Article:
How to Plant a Tree in Your Garden
Plant it well and take care of it, and your tree will pay dividends, providing your yard with color, shade and structure for many years to come.
When to Start: Late autumn
At Its Best: All year round
Time to Complete: 2 hours
- tree tie
- gardening gloves
Prepare the Ground
Dig a circular hole twice the width and the same depth as the root ball; digging the hole deeper than the root ball may cause the tree to sink once planted. Instead, puncture the base and sides with a garden fork to encourage the roots to penetrate.
Check Planting Depth
Most trees are planted with the top of their root ball slightly above the soil surface, which helps them to establish a strong root system and avoid drainage issues. Place the tree in the hole, lay the shovel handle across the top of the root ball to check the level, and add or remove soil as required.
Tease Out Roots
Lift the tree from the hole and use your fingers to gently tease the outer roots away from the root ball. This will encourage them to root into the surrounding soil, helping the tree establish, and is particularly important if the tree is root-bound.
Plant the Tree
Hold the tree in the hole and turn it until its best side is facing in the right direction. Then fill around the root ball with the excavated soil. Do this in three stages; adding soil and gently firming it down with your foot each time. Make sure there are no air pockets between the roots.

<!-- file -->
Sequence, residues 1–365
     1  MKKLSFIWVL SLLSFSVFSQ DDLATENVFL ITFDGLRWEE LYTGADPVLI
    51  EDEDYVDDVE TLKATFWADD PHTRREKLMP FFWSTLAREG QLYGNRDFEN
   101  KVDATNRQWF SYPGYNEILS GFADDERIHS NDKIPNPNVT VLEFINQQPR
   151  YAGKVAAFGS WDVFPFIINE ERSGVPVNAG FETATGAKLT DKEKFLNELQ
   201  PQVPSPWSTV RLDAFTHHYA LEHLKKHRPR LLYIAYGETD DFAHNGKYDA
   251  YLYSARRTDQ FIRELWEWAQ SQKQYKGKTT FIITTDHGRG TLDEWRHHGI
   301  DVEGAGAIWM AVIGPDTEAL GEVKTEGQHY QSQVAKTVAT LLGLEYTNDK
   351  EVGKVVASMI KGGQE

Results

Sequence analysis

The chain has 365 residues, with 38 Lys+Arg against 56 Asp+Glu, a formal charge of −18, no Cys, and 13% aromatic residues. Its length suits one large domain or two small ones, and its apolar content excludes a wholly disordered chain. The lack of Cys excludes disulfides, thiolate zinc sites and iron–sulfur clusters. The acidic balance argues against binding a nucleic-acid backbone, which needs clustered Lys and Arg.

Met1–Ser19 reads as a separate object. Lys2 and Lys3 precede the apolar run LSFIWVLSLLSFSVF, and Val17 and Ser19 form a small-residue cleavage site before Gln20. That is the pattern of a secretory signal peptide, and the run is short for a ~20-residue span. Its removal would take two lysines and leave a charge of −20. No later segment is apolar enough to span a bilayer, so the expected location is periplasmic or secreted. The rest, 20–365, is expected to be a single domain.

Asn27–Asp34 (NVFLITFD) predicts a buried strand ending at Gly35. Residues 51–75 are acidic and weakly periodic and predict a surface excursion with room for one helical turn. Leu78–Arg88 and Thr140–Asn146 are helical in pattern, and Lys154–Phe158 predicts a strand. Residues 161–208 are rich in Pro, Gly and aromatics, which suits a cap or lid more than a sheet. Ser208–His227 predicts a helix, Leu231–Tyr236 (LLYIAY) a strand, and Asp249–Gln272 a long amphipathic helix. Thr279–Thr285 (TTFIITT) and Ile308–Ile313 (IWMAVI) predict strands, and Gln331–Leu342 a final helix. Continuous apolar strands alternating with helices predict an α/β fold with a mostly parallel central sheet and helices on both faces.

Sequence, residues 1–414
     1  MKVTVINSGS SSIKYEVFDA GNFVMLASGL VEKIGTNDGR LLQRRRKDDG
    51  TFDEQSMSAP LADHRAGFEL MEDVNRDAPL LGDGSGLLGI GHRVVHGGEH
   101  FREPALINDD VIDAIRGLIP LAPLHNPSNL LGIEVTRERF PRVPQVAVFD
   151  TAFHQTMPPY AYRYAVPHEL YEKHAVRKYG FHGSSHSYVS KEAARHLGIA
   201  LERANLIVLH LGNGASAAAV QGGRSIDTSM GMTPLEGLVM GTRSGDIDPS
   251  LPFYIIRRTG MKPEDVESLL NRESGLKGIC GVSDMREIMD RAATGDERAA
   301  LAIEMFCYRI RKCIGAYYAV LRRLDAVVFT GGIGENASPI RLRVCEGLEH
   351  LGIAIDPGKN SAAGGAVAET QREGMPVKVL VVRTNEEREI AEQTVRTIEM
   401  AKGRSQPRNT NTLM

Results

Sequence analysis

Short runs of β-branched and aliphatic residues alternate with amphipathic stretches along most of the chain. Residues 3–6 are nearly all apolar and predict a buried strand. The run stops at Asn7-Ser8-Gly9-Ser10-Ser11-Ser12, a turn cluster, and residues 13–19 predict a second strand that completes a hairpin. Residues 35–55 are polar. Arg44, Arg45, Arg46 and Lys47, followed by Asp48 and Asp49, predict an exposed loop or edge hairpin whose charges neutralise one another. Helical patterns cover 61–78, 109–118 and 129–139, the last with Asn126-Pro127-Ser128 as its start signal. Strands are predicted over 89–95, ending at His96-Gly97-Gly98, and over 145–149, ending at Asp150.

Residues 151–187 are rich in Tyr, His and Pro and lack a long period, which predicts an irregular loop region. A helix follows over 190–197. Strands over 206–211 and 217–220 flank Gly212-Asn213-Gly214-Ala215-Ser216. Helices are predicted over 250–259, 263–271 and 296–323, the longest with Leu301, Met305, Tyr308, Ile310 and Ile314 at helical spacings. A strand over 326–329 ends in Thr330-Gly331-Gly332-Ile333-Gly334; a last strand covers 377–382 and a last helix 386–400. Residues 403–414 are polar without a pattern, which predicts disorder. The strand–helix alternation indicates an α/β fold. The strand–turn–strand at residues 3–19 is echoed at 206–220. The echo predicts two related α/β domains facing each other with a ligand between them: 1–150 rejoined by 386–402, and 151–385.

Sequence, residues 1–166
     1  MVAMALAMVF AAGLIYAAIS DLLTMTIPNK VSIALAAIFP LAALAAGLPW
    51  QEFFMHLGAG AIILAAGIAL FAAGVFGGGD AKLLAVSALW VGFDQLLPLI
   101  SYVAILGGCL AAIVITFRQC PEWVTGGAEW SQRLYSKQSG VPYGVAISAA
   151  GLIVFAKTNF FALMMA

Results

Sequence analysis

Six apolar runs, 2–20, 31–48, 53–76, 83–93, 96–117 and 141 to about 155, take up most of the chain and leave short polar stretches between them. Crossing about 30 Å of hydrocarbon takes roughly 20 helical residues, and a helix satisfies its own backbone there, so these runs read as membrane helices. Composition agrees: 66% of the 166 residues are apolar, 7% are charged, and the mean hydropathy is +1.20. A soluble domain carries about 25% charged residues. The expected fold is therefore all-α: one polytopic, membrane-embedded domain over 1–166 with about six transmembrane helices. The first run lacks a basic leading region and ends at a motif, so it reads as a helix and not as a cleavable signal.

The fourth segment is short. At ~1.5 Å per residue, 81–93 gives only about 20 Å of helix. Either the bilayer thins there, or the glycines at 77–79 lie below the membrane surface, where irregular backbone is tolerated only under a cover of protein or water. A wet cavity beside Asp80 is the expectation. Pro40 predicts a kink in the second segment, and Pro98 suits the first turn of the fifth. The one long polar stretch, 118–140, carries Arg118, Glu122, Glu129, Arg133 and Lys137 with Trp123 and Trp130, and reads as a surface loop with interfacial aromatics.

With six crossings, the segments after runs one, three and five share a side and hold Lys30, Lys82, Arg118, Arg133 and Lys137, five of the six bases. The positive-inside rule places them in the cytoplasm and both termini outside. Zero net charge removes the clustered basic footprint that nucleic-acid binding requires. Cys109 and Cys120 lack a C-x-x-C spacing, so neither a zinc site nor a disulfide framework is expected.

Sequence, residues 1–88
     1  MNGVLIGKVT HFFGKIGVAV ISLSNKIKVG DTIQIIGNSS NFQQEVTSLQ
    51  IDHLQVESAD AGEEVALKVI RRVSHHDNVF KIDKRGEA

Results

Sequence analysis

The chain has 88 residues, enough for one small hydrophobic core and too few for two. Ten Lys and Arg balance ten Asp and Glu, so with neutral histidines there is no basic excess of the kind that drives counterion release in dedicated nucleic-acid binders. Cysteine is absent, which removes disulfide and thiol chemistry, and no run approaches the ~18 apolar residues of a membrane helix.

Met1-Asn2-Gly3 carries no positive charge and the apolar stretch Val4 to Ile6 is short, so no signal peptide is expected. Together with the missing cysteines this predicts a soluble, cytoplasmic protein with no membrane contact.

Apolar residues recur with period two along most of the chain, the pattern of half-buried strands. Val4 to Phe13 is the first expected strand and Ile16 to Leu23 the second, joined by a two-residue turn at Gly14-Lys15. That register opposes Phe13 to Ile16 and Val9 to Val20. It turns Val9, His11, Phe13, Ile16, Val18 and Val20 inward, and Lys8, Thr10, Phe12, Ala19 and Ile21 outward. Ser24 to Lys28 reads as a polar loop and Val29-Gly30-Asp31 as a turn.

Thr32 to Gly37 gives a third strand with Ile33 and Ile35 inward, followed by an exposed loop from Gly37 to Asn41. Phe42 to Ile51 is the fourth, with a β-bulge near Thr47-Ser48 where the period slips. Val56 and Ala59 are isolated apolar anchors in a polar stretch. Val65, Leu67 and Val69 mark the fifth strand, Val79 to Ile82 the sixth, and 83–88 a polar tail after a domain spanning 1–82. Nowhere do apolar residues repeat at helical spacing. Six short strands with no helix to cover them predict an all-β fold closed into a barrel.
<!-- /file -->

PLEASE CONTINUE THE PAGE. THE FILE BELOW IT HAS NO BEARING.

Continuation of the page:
Gently Firm In
Make sure the root ball is just above the soil surface. As a guide, look for the "nursery line," where the trunk darkens at the base, showing the level the tree was grown at in the nursery. This must not be buried. Then add a thin layer of soil over the root ball so that no roots are exposed.
Attach Tree to Wooden Stake
Choose a stake that will reach a third of the way up the trunk. Use a mallet to hammer it into the ground at an angle of about 45 degrees with the top facing the prevailing wind. Attach a tree tie at the point where tree and stake meet, using a spacer to prevent them rubbing together.
Water the tree well and then apply a thick mulch, such as composted bark chippings, to suppress competing weeds and seal in moisture. Keep it clear of the stem. Make sure the tree receives water regularly for two years, and check and loosen ties frequently. The ties can be removed after two or three years when the tree has become fully established.